Intellectual property is anything created by a person's mind that is protected by law from being used without permission. Some examples of intellectual property include paintings, written works of fiction, trademarked symbols, new plant varieties and newly discovered genes, in addition to new inventions and song lyrics.
Intellectual property is protected by copyrights, trademarks and patents. Some forms of intellectual property are automatically protected at the time of creation, while other types only acquire protection when the creator files for and receives a patent or trademark.
Copyright laws cover artistic and literary creations, such as music, movies, sculptures and novels, in addition to maps and technical drawings. A copyright holder can prevent others from reproducing, selling, distributing, displaying or creating derivative works using the protected work.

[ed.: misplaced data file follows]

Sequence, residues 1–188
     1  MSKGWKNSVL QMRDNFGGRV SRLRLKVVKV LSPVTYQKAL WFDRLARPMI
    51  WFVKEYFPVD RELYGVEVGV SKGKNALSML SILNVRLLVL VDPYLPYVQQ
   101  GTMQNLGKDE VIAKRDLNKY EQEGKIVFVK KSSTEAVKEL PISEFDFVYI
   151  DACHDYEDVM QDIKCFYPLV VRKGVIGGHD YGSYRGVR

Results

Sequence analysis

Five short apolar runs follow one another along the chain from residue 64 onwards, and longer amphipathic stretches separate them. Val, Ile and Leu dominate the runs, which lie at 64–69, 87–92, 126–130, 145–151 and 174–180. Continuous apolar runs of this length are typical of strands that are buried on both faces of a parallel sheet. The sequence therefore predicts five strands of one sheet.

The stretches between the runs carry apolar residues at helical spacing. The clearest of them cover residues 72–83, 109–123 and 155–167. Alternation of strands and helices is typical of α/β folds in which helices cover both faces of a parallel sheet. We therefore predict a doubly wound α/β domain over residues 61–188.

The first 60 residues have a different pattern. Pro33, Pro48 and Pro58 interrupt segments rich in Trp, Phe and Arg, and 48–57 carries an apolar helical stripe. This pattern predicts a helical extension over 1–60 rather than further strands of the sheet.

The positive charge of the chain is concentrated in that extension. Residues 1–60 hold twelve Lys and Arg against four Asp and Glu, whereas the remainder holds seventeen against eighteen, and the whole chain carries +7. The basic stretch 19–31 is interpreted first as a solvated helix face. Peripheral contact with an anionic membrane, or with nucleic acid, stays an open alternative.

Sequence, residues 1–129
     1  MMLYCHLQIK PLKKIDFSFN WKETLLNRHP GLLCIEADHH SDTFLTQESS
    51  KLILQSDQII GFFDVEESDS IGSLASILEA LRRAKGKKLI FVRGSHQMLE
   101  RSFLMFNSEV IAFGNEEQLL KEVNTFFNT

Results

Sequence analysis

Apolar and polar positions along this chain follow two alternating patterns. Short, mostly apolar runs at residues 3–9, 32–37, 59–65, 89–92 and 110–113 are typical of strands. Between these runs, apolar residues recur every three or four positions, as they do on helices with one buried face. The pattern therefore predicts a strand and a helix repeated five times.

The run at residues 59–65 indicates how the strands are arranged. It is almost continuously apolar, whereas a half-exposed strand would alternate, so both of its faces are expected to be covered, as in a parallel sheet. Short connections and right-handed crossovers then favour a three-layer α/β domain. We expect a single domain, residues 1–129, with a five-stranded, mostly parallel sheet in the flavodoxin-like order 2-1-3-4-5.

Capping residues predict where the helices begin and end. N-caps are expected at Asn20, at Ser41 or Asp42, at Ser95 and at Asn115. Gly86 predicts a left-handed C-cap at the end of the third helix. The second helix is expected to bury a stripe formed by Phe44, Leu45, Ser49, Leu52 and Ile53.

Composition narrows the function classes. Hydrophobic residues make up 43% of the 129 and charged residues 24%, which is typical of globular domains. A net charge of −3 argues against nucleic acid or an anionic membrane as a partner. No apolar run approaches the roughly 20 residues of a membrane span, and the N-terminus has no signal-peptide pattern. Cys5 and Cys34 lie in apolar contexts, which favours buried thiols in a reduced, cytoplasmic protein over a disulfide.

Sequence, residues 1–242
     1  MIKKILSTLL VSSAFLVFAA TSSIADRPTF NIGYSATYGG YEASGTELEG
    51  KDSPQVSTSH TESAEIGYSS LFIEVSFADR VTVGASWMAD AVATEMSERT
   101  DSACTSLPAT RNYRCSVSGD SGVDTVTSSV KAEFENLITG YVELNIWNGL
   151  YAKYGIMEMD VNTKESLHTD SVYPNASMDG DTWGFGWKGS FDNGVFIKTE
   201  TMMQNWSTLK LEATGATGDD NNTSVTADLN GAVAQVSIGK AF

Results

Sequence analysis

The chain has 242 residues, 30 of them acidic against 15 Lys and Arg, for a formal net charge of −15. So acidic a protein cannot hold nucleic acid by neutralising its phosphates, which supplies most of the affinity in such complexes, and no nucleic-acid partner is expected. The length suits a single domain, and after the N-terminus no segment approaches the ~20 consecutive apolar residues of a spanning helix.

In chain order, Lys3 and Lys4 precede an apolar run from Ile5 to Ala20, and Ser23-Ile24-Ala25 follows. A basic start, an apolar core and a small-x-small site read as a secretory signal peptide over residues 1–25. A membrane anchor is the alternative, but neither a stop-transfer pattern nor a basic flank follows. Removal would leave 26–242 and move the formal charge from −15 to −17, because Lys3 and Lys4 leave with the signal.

Trademarks protect signs, words and symbols that identify a particular manufacturer or seller. Holders of a trademark can prevent other companies from using the identical or similar logos or mottoes.
Patents, which are granted for inventions, are used to keep other companies from making or selling that invention for a given period of time. Patents usually last 20 years.
Intellectual property owners can opt to license their protected properties. Licensing involves granting permission for a specific person or organization to make, use or distribute the protected property, usually for a fee.